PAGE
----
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NewPages Lit Mag Reviews

Posted December 15, 2013

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  • Issue Number Volume 11 Number 1
  • Published Date Spring/Summer 2013
  • Publication Cycle Biannual
Each issue of 32 Poems is an intimate encounter that is made the perfect size with clever cover art that makes me want to carry it around everywhere. This issue of 32 Poems features cover art from Elliot Walker as well as a humorous back cover titled “32 Things We Really Should Apologize For” by Aaron Alford and Liz Anderson Alford. Literally, this issue of 32 Poems is a must read from front to back.
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  • Published Date October/November 2013
  • Publication Cycle Updated Regularly online
With a url such as “readthebestwriting.com,” Ascent offers up some high expectations. While I’m not certain how to qualify any writing as “the best,” there is no argument that Ascent really does publish quality writing.
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  • Issue Number Volume 2 Number 4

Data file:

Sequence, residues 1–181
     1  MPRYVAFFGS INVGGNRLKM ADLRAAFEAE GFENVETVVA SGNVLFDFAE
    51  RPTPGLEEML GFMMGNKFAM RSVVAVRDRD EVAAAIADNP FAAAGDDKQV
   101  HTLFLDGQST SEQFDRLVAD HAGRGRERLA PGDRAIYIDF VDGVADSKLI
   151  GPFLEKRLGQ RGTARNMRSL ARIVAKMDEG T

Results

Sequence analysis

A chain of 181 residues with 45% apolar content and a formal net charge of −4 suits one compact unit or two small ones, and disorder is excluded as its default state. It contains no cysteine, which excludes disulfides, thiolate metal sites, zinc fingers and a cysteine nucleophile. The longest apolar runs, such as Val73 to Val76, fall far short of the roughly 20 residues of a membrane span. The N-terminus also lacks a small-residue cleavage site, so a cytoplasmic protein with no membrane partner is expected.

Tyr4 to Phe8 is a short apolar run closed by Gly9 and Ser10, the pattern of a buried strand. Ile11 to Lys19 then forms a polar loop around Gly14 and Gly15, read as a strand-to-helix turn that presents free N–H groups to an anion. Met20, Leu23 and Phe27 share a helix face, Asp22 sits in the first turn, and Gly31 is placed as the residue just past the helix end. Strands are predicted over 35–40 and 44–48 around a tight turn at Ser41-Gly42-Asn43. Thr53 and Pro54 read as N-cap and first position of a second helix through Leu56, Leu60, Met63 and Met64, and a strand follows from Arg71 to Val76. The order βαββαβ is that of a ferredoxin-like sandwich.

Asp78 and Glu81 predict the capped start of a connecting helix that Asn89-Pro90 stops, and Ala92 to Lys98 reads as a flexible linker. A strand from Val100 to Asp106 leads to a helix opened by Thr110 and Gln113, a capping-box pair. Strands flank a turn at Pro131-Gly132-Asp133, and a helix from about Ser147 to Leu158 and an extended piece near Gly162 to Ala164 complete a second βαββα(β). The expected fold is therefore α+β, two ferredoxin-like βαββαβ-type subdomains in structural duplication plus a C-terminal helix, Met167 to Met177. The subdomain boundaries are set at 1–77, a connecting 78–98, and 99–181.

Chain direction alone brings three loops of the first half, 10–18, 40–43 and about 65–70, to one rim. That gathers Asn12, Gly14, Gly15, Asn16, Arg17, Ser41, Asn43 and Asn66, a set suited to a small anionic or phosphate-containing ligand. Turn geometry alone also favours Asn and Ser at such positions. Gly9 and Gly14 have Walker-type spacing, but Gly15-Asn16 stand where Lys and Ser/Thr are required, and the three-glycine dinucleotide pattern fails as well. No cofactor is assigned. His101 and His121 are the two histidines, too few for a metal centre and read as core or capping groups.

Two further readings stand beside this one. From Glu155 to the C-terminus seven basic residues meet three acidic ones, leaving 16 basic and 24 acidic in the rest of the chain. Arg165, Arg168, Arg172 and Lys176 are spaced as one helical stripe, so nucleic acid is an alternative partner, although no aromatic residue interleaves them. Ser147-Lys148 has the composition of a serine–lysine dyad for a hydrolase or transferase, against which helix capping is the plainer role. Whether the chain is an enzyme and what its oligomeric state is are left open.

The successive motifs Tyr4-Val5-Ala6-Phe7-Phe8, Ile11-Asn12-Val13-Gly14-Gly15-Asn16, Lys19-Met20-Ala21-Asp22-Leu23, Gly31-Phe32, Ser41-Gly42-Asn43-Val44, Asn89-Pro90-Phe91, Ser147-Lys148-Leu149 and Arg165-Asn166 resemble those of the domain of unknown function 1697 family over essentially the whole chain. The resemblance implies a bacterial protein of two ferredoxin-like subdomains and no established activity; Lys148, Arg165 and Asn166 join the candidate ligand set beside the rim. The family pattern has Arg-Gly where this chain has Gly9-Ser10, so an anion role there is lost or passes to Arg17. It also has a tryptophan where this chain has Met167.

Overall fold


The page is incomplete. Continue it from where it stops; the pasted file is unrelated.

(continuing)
• Published Date October 2013
  • Publication Cycle Quarterly
This issue of Blue Lyra Review has a special theme: “Stories We’d Rather Not Tell.” This, of course, is a little contradictory considering if the authors didn’t want to tell the stories, they wouldn’t submit. But it’s intriguing nonetheless, and I dove right in. I was instantly drawn in to the nonfiction section, eager to hear those stories first, and I wasn’t disappointed.
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  • Issue Number Issue 3
  • Published Date Fall 2013
  • Publication Cycle Biannual online
Chagrin River Review, now in its third issue, publishes fiction and poetry, leaning toward the more traditional styles, nothing extremely experimental or flashy, just good writing.
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  • Issue Number Issue 2
  • Published Date Fall 2013
  • Publication Cycle Biannual online
Compose has a wide variety of writing to enjoy from fiction, to nonfiction, to poetry, to a couple of features. The artists conjure up images of a widow-bearing tequila bottle that sits on the kitchen table, mermaids that “swim the high school pool,” mussels and clams and a bonfire, “Lint from your best-loved old jumper / sprinkled with grains from your childhood / sandbox,” and 26 tea lights in memory of those lost in the Sandy Hook shooting.